February 23, 2004

Cagers Split Pair

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Saturday’s adrenaline-charged crowd at Newman Arena held its collective breath as guard Ka’Ron Barnes barreled down the court with the score 81-78 in favor of Harvard and time ticking away. The senior co-captain’s off-balance desperation 3 clanged off the rim, the Crimson erupted in celebration, and the sea of red in the bleachers cried out, deflated and defeated.

“When I got the [in-bounds pass], I was thinking to myself that I’ve got to take the shot,” Barnes said. “I was feeling it at the time, a lot of my shots were going in, so I took it. It went long.”

Despite a thorough dismantling of Dartmouth (3-21, 1-9 Ivy) on Friday, the heart-wrenching loss to Harvard (4-19, 3-7 Ivy) twisted the knife tighter into Cornell (11-12, 6-4 Ivy), further closing the window the fourth-place Red has to catch Ancient Eight leader Princeton (15-7, 8-1 Ivy).

“It feels like the season went down the drain,” Barnes said. “It’s not in our hands anymore. We need help.”

Right from the opening tipoff, Cornell and Harvard resumed the pleasantries of their first meeting this season, a 91-79 physical slug-fest won by the Red on Jan. 30. Every loose ball became a free-for-all, every fast-break a waiting collision. Elbows and hand-checks were the currency of the evening, and both teams shared in the wealth.

“We knew that Harvard fouls more than anyone in the league,” Barnes said. “They tried to make it physical and ugly, and they did a good job of it.”

After fast breaks from each team came up empty, Harvard got on the board first with a three-point play. Sophomore forward Lenny Collins answered for Cornell by hitting a baseline jumper, his first two points en route to a career-high 31.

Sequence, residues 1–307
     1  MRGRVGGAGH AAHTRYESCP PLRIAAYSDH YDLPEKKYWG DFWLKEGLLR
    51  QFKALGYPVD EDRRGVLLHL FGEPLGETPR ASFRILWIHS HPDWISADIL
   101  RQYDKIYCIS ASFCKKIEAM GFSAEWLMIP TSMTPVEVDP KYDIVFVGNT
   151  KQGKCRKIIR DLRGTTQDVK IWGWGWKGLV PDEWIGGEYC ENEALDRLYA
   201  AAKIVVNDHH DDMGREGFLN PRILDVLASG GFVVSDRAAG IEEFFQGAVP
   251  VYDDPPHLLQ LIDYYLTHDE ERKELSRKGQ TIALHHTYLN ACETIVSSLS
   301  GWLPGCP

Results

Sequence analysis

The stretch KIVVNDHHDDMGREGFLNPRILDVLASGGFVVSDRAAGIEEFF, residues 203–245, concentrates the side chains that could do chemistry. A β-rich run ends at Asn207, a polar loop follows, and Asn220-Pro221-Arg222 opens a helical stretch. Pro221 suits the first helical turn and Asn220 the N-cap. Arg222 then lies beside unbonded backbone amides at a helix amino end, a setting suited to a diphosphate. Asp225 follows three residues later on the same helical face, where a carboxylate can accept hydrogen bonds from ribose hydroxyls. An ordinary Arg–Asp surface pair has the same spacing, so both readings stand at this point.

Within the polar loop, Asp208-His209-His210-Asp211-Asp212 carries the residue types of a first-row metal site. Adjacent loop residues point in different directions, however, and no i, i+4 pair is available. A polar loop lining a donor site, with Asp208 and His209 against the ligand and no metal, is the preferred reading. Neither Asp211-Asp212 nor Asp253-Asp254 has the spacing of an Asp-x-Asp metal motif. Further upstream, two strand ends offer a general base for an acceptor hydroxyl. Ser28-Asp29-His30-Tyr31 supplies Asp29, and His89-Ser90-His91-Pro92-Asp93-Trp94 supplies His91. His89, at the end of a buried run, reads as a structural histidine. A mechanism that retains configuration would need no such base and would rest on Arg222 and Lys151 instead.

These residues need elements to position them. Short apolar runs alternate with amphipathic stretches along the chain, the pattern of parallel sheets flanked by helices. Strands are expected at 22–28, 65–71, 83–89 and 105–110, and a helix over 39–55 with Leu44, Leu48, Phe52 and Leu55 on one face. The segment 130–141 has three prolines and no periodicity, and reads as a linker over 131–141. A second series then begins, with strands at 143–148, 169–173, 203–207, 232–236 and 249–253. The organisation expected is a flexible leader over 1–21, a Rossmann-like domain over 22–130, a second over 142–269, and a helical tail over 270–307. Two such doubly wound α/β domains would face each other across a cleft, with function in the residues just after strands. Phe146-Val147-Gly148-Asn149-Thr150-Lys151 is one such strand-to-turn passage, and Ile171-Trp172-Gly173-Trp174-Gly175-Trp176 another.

“I had never put two halves together like that before,” said Collins, who connected on nine of 12 shots, as well as 12-of-15 from the charity stripe. “When my shots started to fall, I knew I had to be aggressive on the offensive end and see what defense gave me.”

Ten of Collins’s points came in the first half, which ended with the Red trailing 37-32. Cornell shot a dismal 36.7 percent from the field, missing 19 of 30 shots. The top two scoring leaders in the Ivy League, Barnes and junior guard Cody Toppert, were held to only six points each. The real disappointment, however, was Cornell’s 56.3 percent free throw shooting.

“It played a huge role,” said Collins. “If we hit those shots, then the score is tied at halftime or we’re up. It changes our attitude going into the second half.”

Lead Changes

The final period proved to be the most exciting, as the lead changed five times in as many minutes in the wakes of tit-for-tat transition baskets and hard fouls. Everything that Collins tossed up drew net and Barnes did his very best Jim Brown, throwing himself into the lane with a reckless abandon that totaled 21 second half points. Unfortunately for Cornell, the heroics of Collins and Barnes (who combined to score 44 of Cornell’s 46 second half points) were not enough to pull out the victory.

“We understand that we didn’t take advantage of our opportunity this weekend,” said Collins. “Our goal is to go down to Princeton and Penn and play our best two games of the season.”

The Red will take on the Tigers and Quakers on their home courts on Friday and Saturday, in an attempt to avenge losses to both teams over Valentine’s Day weekend.

Archived article by Per Ostman